Waves: easy to appreciate

An Introduction to Turbulent Flows
November 3, 2000

Turbulent flows are ubiquitous and of far-ranging practical significance in many facets of engineering and common experience. Like the waviness of the seas, they are easy to appreciate but more difficult to define and rationalise. The subject may be described, taught and practised at a range of levels from simple phenomenology to advanced numerical simulation.

This book seeks to provide "a solid grounding" and may be best used by advanced course students - a group for which it was initially intended. A more advanced text is promised from the same authors in the future. But the current text largely succeeds in its aim, which is to provide broad coverage of the subject, including examples, without resorting to undue mathematical expansion and rigour.

There are eight self-standing chapters that are interrelated. The book can be read from the beginning as a primer, or each chapter can be used as a focus for a detailed examination of the approaches to the subject.

Chapter one is a general introduction, dealing with physical aspects and some practical consequences. Two following chapters address the application of statistical tools and the important issue of time and length scales. Chapter four reviews the important "basic theory" including single point selection of statistical formulations. Classical models of jet, waves and boundary layers, which are of major practical interest, are covered in chapter five. Chapters six and seven treat spectral analysis of turbulent flows and a number of theories of turbulence based upon consideration of spectral characteristics. The final chapter deals with numerical simulation, including the commonly practised approximation provided by large-eddy simulation methods.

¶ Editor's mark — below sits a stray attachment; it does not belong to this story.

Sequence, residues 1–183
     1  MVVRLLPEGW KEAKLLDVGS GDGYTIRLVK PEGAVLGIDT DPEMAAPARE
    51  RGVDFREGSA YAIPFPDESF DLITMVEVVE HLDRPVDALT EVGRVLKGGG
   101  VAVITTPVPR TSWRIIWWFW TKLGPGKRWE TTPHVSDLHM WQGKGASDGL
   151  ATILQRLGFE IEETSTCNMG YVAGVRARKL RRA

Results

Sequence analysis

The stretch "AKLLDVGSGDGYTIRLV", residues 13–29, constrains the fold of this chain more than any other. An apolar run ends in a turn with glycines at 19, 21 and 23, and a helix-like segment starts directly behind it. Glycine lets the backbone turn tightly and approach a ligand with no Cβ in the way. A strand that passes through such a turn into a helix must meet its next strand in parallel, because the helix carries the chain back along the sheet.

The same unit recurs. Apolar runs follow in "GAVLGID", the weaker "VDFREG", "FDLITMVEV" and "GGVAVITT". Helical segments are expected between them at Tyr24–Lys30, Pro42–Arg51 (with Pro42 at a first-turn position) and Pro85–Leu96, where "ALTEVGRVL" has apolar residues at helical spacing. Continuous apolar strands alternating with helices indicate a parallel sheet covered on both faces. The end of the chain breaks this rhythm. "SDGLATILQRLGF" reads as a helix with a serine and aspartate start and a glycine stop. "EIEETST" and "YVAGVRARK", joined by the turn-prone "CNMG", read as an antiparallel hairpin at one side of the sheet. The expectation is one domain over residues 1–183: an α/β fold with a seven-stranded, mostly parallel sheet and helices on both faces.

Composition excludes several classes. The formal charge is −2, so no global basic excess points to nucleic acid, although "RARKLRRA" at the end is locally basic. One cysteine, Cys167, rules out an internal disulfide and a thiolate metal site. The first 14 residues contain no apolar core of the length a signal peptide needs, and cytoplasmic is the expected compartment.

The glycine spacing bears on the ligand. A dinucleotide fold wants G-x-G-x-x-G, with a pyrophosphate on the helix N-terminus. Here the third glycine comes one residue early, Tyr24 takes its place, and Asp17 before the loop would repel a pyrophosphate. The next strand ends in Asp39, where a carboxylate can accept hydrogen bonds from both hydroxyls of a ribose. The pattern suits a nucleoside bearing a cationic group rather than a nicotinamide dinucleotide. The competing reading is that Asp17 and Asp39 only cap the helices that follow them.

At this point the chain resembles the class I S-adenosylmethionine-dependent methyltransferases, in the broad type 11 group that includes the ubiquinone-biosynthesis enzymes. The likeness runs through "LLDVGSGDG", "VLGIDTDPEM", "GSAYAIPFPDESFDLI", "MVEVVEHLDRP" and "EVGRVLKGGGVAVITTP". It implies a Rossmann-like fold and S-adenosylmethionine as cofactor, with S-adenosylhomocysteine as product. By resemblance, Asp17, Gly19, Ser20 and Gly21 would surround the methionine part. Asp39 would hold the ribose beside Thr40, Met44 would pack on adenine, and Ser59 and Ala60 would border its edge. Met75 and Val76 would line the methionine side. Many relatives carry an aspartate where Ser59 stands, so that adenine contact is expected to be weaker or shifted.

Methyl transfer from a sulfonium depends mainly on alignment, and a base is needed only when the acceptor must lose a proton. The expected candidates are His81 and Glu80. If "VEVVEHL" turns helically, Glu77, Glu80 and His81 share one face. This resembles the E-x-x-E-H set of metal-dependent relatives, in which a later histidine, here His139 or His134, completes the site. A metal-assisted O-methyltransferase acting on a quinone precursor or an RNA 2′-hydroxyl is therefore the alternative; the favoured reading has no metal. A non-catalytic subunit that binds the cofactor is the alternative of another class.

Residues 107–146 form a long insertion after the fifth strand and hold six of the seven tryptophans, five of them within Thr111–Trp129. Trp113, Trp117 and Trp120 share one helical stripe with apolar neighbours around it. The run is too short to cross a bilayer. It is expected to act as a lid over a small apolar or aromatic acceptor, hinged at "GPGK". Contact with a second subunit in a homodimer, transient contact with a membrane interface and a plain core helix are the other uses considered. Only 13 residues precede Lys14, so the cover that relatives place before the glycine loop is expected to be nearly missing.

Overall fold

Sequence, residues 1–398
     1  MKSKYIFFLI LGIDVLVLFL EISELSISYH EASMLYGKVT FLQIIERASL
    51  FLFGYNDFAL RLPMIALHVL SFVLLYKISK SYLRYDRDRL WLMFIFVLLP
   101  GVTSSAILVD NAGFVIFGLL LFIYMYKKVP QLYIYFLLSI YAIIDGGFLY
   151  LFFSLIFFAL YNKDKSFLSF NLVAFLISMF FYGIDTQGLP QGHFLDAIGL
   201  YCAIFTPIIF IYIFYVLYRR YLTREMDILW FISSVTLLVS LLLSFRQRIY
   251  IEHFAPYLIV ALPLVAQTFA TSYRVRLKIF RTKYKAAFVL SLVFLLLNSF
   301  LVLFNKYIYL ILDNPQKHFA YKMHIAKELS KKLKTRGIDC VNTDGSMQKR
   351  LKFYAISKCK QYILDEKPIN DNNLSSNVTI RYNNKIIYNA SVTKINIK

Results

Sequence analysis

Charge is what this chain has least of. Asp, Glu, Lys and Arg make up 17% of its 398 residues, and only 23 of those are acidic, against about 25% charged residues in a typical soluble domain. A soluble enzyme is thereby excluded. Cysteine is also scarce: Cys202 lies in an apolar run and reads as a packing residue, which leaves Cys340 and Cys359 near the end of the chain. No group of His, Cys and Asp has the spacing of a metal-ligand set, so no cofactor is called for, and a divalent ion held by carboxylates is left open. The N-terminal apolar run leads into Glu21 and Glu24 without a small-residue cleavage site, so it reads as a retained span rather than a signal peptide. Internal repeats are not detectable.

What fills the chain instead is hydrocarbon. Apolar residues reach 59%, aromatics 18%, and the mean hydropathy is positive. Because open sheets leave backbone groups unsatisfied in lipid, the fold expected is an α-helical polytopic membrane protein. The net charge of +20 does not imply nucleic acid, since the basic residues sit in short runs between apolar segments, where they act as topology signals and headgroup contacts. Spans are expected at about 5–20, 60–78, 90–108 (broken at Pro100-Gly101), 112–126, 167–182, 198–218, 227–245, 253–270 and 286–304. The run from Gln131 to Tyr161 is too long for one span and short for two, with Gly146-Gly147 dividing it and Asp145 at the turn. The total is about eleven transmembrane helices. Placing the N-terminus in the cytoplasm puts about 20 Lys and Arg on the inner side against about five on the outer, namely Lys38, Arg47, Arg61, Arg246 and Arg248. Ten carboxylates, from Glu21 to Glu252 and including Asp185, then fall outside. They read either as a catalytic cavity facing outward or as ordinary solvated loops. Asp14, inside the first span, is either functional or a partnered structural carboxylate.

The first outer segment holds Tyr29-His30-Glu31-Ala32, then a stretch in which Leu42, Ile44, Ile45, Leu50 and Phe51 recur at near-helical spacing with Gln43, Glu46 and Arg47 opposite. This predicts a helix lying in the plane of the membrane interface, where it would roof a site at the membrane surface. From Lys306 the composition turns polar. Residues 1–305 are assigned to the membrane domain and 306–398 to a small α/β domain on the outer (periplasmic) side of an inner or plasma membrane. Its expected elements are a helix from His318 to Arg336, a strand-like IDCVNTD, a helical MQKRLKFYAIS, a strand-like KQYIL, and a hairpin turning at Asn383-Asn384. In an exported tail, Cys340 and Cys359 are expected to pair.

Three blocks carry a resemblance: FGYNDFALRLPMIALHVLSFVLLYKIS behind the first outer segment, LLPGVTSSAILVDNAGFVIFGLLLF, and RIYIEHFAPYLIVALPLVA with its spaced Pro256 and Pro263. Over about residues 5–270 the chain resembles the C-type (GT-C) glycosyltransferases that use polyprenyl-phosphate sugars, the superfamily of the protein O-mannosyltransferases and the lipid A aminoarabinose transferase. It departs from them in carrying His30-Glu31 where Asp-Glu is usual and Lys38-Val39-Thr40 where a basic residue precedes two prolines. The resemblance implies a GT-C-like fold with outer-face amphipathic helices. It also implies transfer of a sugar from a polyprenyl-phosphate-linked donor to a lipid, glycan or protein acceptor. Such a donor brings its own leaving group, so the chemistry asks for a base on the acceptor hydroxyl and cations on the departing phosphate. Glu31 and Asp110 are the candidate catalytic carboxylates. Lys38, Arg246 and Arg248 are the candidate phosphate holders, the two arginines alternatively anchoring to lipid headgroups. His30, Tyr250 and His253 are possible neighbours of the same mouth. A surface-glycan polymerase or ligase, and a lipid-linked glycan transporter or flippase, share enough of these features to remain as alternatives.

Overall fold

The chapters are well balanced and self-contained and the reader is naturally guided through the subject. Each has sufficient referencing to allow an expansion of the basic material - clearly a deliberate intention of the authors, who deserve credit for dealing with many complex subjects in a clear and sympathetic manner. This is the good feature of the book. It provides a balanced introduction to the main elements of the study of turbulence in an uncluttered and literary fashion.

The downside is that the student and practitioner will not find the text substantial enough to go out and deal directly with specific complex problems. The subject is too broad and subtle in its nature and the potential methods of approach too large to allow for this in a single text.

But the authors' compromise is sensible and the book does provide an easily digestible introduction to turbulent flows.

Brian Briscoe is professor of interface engineering, Imperial College, London.

An Introduction to Turbulent Flows

Author - Jean M. Mathieu and Julian F. Scott
ISBN - 0 521 77538 8 and 57066 2
Publisher - Cambridge University Press
Price - £24.95 and £60.00
Pages - 374

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